Lawmaker: Pentagon Should Not Enter F-35 PBL Contract
A senior lawmaker is cautioning against the Pentagon entering a five-year performance-based logistics (PBL) contract with Lockheed Martin for the F-35 Joint Strike Fighter.
There are continuing problems plaguing the F-35 logistics system and the Defense Department should not enter a “multiyear performance contract” until technical and intellectual property issues are resolved, House Armed Services readiness subcommittee Ranking Member Doug Lamborn (R-Colo.) said March 3 during a hearing.
“As we ramp up production the imperative of getting sustainment right takes on even more importance,” Lamborn said.
Last week, a Lockheed Martin executive acknowledged that signing a five-year PBL contract for the F-35 by the start of fiscal 2021 will be a “challenge.” The company intends to invest $1.5 billion toward the PBL to jump-start projects in areas like reliability and maintainability improvements, Greg Ulmer, F-35 vice president and general manager at Lockheed, told reporters.
The government has formed a joint team comprising U.S. Air Force, Navy, Marine Corps and Lockheed Martin personnel, Navy acquisition executive Hondo Geurts told reporters in January. “We’re looking at everything from the way we’re doing things now to a full PBL, to something in between,” Geurts said.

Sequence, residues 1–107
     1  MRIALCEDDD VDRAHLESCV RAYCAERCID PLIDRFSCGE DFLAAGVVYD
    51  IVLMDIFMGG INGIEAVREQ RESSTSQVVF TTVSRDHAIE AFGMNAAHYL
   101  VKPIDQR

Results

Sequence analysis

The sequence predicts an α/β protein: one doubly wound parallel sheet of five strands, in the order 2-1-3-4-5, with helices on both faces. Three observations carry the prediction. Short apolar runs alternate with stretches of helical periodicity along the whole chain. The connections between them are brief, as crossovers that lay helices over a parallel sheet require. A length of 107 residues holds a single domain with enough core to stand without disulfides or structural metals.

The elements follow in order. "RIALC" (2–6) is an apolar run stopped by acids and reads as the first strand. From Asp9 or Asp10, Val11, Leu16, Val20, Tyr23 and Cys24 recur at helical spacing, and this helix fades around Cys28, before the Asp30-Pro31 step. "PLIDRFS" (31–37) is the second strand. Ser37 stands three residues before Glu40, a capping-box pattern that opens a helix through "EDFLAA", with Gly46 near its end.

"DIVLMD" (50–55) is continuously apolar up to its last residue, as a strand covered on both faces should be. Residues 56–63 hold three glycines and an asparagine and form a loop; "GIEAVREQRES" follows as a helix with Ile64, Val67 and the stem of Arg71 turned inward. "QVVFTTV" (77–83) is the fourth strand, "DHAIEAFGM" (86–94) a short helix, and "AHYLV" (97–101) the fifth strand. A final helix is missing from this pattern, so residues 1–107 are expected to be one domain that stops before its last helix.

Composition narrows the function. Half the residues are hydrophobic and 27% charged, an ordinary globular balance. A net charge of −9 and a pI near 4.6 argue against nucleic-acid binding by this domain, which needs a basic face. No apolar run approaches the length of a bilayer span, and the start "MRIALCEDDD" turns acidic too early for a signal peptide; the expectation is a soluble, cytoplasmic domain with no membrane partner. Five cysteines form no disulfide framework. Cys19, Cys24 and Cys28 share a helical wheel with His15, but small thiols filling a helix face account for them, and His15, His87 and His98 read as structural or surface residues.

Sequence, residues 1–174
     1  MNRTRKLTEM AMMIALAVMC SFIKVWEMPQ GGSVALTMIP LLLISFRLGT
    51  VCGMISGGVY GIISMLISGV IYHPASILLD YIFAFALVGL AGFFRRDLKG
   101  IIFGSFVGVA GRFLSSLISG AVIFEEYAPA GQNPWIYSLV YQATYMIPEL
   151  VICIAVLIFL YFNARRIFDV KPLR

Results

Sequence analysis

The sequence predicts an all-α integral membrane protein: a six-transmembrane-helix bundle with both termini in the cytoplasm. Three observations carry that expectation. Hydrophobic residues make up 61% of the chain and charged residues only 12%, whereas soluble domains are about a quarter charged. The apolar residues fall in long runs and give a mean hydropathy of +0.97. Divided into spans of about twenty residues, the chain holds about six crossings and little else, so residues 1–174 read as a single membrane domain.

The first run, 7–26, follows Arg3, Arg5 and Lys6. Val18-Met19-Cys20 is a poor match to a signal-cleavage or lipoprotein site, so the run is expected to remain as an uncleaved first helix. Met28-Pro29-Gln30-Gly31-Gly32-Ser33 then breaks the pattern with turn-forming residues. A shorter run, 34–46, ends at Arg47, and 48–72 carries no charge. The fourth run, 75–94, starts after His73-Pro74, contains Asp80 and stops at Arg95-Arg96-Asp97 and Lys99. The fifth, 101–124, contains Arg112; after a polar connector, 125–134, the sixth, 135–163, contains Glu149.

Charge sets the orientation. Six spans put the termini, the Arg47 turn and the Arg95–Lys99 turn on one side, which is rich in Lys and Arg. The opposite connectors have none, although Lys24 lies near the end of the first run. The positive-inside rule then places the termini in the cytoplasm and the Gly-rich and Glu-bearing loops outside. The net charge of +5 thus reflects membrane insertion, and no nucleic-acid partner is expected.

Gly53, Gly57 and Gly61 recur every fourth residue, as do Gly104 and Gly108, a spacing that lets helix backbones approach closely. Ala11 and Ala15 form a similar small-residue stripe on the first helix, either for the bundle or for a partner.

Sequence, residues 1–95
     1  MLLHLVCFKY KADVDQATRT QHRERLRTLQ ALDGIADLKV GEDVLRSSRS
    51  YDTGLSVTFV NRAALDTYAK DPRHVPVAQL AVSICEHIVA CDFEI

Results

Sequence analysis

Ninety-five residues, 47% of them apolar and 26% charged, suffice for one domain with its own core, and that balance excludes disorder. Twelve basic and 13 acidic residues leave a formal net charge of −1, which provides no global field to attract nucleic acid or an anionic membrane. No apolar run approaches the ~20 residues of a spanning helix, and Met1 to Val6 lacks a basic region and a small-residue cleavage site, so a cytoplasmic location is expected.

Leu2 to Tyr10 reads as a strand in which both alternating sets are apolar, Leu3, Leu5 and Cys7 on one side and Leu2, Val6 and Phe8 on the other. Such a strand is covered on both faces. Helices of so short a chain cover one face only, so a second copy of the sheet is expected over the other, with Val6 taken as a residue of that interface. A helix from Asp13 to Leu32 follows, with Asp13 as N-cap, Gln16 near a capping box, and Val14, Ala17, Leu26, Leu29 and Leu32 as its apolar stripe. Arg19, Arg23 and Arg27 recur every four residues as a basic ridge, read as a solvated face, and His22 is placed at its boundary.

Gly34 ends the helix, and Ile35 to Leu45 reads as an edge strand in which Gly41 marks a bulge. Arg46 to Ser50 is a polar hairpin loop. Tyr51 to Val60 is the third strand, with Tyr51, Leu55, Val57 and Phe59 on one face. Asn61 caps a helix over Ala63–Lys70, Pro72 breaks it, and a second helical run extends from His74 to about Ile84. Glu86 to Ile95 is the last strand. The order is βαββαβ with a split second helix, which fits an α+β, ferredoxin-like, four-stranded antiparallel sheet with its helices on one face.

Ulmer is confident the government will decide to sign a five-year PBL. “I don’t know the exact timing of when that will occur but that’s the intent,” he said.
The Pentagon is working with outside consultants to generate a data set on aircraft performance, material, labor and other cost elements. This is intended to assist the government in deciding whether the PBL contract will provide the most effective path for the F-35 program, Pentagon acquisition executive Ellen Lord told reporters in January.
On Jan. 6, the F-35 Joint Program Office awarded Lockheed a $1.9 billion contract to maintain the F-35 fleet, support training and expand capacity. The contract follows a $1.4 billion award in 2018 and one for $1.15 billion in 2019 for global sustainment services.
Lord said a key focus for the government is lowering the cost per flight-hour of the fifth-generation aircraft. Lockheed has committed to lowering the F-35A cost per flight-hour to $25,000 by 2025.